On behalf of 100Grannies, I am proposing, instead, the type of sculpture I saw in Bristol, England, a few weeks ago. It is a wonderful "Energy Tree," constructed with multi-directional solar panels for 'leaves' and eight 'roots' that enclose power points for recharging mobile phones. Bristol was the European Union's Green Capital City last year, the first with that designation in the UK.

The Bristol energy tree is described as "a public art installation and renewable power source designed to engage the public in energy issues." Its construction in Bristol's central Millennium Square (very similar to our Ped Mall but much larger) combined "community collaboration, artistic excellence, science and grass-roots energy activism in a unique project."

The community collaboration included recovering drug and alcohol abusers who learned in workshops to fabricate the solar panels. Besides free phone charging, the 20-foot tree offers wi-fi. The designer and builder of the tree was John Packer, a local artist.

The Energy Tree is a functional art piece that can be accomplished at far less cost than The Lens, probably well under $100,000.

The solar cells are made from recycled fragments of broken panels that would otherwise have gone to waste. Perhaps a design competition could be held. The winning design could become a UI engineering school project. Social services clients or at-risk youth taught by Kirkwood instructors could handle panel fabrication. School children could be involved through lessons on energy.

For more information on Bristol's Solar Tree, click here. The site includes a five-minute video on planning and construction.

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Aerial view of Ruropolis, Para state, northen Brazil, on Sept. 6, 2019. Tthe world's biggest rainforest is under threat from wildfires and rampant deforestation. JOHANNES MYBURGH / AFP via Getty Images

By Kate Martyr

Deforestation in Brazil's Amazon rainforest last month jumped to the highest level since records began in 2015, according to government data.

A total of 563 square kilometers (217.38 square miles) of the world's largest rainforest was destroyed in November, 103% more than in the same month last year, according to Brazil's space research agency.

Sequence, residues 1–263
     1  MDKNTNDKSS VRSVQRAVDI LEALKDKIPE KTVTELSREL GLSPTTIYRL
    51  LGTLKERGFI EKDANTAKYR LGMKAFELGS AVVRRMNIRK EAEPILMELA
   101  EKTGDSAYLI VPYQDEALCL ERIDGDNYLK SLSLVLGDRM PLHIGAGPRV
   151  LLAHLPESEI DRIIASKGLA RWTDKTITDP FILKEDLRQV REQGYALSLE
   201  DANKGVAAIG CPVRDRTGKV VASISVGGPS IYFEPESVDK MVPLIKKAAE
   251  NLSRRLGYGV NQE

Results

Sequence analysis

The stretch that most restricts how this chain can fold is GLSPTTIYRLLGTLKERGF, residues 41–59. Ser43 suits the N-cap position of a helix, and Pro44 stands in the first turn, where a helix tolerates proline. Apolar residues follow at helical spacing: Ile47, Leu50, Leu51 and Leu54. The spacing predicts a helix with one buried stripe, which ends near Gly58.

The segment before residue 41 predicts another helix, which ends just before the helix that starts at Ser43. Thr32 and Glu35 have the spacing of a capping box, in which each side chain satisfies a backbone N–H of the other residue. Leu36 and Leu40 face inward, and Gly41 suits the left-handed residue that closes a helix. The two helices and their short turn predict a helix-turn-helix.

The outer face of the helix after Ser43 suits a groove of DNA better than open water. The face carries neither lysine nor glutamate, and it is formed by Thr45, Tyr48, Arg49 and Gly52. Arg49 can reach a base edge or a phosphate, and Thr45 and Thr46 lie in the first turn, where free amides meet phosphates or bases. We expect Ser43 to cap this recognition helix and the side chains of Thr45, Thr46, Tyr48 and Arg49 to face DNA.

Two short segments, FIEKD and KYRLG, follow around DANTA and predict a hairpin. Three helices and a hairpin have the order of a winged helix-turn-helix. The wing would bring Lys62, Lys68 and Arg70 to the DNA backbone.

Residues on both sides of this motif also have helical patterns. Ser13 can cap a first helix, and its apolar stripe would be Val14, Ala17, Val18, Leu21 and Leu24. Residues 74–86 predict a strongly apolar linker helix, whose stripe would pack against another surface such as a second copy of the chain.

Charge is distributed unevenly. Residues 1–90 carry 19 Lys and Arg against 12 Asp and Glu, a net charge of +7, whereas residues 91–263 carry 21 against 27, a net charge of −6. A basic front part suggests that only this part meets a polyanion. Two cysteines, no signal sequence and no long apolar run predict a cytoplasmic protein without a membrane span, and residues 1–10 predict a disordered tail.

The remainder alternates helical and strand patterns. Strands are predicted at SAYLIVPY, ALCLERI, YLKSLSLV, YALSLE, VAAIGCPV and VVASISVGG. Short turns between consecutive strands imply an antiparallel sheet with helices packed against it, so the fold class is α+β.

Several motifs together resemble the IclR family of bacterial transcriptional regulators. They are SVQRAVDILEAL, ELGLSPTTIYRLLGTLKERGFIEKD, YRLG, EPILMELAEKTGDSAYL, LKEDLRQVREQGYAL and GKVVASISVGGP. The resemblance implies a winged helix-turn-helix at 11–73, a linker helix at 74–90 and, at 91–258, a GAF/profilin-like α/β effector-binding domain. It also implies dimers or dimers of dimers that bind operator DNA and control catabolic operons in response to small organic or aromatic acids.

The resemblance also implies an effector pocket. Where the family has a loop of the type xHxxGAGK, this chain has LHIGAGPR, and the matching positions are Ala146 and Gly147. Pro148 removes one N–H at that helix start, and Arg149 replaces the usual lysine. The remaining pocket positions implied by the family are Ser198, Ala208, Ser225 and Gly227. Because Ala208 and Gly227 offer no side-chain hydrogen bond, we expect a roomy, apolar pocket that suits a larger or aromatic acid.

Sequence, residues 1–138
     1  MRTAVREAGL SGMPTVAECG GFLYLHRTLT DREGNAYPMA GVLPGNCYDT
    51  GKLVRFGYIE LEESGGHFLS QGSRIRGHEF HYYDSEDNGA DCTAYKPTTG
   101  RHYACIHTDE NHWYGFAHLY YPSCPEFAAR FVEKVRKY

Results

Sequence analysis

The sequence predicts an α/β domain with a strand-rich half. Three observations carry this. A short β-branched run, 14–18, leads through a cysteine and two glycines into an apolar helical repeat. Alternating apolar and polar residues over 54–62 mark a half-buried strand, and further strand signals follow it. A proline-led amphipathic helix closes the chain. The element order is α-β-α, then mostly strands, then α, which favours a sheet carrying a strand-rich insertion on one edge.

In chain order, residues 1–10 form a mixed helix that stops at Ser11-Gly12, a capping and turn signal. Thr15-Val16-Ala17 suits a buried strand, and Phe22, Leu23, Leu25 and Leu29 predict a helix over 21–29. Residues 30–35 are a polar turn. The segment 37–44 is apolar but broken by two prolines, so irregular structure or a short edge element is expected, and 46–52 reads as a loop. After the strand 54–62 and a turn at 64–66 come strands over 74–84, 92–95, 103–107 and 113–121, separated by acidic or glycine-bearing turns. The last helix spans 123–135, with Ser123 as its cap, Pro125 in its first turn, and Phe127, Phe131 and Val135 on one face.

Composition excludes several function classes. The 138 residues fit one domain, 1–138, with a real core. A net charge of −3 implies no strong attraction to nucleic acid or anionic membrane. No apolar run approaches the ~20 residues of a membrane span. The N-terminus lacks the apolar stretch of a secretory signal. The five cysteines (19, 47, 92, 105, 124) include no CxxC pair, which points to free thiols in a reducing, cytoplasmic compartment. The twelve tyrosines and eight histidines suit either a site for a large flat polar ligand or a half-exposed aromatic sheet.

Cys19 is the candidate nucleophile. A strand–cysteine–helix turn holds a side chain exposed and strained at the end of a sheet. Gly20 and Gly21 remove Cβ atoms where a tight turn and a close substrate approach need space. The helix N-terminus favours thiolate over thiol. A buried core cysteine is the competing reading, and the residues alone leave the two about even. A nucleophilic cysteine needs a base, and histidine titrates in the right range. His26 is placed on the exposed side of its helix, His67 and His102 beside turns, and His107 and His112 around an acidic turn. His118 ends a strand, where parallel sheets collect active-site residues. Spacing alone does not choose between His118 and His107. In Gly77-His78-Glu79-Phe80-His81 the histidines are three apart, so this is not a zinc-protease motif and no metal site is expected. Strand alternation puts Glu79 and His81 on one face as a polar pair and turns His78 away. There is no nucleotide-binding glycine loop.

From January to November this year an area almost the size of the Caribbean island of Puerto Rico was destroyed — an 83% overall increase in destruction when compared with the same period last year.

The figures were released on Friday by the National Institute for Space Research (INPE), and collected through the DETER database, which uses satellite images to monitor forest fires, forest destruction and other developments affecting the rainforest.

What's Behind the Rise?

Overall, deforestation in 2019 has jumped 30% compared to last year — 9,762 square kilometers (approximately 3769 square miles) have been destroyed, despite deforestation usually slowing during November and December.

Environmental groups, researchers and activists blamed the policies of Brazil's president Jair Bolsonaro for the increase.

They say that Bolosonaro's calls for the Amazon to be developed and his weakening support for Ibama, the government's environmental agency, have led to loggers and ranchers feeling safer and braver in destroying the expansive rainforest.

His government hit back at these claims, pointing out that previous governments also cut budgets to environment agencies such as Ibama.

The report comes as Brazil came to loggerheads with the Association of Small Island States (AOSIS) over climate goals during the UN climate conference in Madrid.

AOSIS blasted Brazil, among other nations, for "a lack of ambition that also undermines ours."

Last month, a group of Brazilian lawyers called for Bolsonaro to be investigated by the International Criminal Court over his environmental policies.

Reposted with permission from DW.